Toll rises in Spain train derailment; reports say up to 60 dead

A train operating on high-speed tracks in Spain derailed and crashed late Wednesday, and news reports put the death toll as high as 60. It was the second serious train derailment in Europe this month.

The train was en route from Madrid to the northwestern coastal town of Ferrol when the accident occurred near the train station in Santiago de Compostela, the capital of the Galician region. Television images showed rail cars overturned and upended, and bodies arrayed beneath blankets near the tracks as rescue workers and paramedics worked to locate and save survivors.


The Associated Press put the death toll of the Spanish crash at 40 or more, and said the accident was the worst in Spain in decades. Reuters said at least 56 had died and 70 were injured, attributing the information to the head of the Galicia region, Alberto Nunez Feijoo.

"The scene is shocking, it's Dante-esque," he said in a radio interview.

USA Today said as many as 60 were killed.

The Wall Street Journal said the accident appeared to be caused by excessive speed, citing state television. The Journal identified the train as an express, "of a type that runs on high-speed tracks but slightly slower than the highest-speed models." It quoted a spokesman for Spain's Interior Ministry as saying,  "Everything right now points to an accident," and there was no immediate evidence of terrorism.

A problem with a switching mechanism was blamed for a derailment in France this month in which six people died. In Canada, a runaway oil train derailed and crashed in a lakeside town; the death toll was ultimately put at 47.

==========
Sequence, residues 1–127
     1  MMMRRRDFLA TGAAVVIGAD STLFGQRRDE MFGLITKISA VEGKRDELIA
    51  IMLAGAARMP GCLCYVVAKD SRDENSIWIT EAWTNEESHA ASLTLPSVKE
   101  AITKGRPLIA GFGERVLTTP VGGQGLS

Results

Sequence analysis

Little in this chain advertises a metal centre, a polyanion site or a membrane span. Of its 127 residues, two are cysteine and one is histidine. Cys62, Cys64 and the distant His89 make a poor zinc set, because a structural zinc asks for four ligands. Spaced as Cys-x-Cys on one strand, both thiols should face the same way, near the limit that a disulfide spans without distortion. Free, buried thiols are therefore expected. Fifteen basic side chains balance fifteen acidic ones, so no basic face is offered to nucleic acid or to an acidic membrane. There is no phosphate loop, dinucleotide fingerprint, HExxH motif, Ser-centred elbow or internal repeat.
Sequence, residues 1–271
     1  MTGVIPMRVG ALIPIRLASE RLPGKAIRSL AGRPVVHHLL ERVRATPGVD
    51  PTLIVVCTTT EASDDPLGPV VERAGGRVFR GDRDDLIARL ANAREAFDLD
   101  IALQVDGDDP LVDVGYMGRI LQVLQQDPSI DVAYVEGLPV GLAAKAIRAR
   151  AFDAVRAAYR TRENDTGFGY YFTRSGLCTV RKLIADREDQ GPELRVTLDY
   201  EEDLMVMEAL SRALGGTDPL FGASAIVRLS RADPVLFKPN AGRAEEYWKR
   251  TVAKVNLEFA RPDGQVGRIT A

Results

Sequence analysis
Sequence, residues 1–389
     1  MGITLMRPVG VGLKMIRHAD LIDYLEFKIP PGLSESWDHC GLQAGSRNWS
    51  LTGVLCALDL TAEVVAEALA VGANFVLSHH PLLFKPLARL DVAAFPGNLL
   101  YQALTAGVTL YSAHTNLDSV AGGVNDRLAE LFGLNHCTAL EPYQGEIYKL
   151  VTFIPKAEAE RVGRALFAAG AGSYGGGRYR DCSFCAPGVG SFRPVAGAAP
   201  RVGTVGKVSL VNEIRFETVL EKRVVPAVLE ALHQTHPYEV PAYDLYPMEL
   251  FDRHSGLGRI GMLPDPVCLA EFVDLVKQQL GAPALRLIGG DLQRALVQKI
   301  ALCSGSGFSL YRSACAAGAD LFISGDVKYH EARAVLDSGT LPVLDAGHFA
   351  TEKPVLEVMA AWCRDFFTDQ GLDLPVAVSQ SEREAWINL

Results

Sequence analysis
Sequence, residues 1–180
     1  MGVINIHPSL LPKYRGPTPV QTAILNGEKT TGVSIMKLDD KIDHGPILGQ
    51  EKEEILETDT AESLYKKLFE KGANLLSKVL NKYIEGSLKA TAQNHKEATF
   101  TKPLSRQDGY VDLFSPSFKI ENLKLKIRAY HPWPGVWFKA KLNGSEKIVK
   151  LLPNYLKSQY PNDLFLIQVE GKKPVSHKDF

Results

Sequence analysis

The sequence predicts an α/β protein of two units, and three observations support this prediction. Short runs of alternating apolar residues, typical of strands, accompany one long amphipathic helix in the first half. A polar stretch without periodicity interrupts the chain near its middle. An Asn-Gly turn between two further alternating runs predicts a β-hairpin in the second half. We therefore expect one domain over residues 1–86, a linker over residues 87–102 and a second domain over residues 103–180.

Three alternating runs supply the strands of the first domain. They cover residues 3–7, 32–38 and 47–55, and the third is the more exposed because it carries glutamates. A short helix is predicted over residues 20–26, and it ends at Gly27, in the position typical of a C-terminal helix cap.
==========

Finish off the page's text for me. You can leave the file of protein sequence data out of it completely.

Spanish Prime Minister Mariano Rajoy was due to visit the site of the derailment Thursday morning, the Spanish government spokeswoman said.

The BBC quoted one witness, Ricardo Montesco, describing how the train carriages "piled on top of one another" after the train hit a curve.

"A lot of people were squashed on the bottom," he said, speaking to Spanish Cadena Ser radio station. "We tried to squeeze out of the bottom of the wagons to get out and we realized the train was burning.... I was in the second wagon and there was fire. I saw corpses."

Santiago de Campostela, where the derailment occurred, is a historic town best known as the terminus of the Way of St. James, a pilgrimage route that dates to medieval times and was recently popularized in the movie "The Way." It is about 60 miles south of Ferrol, the terminus of the rail route.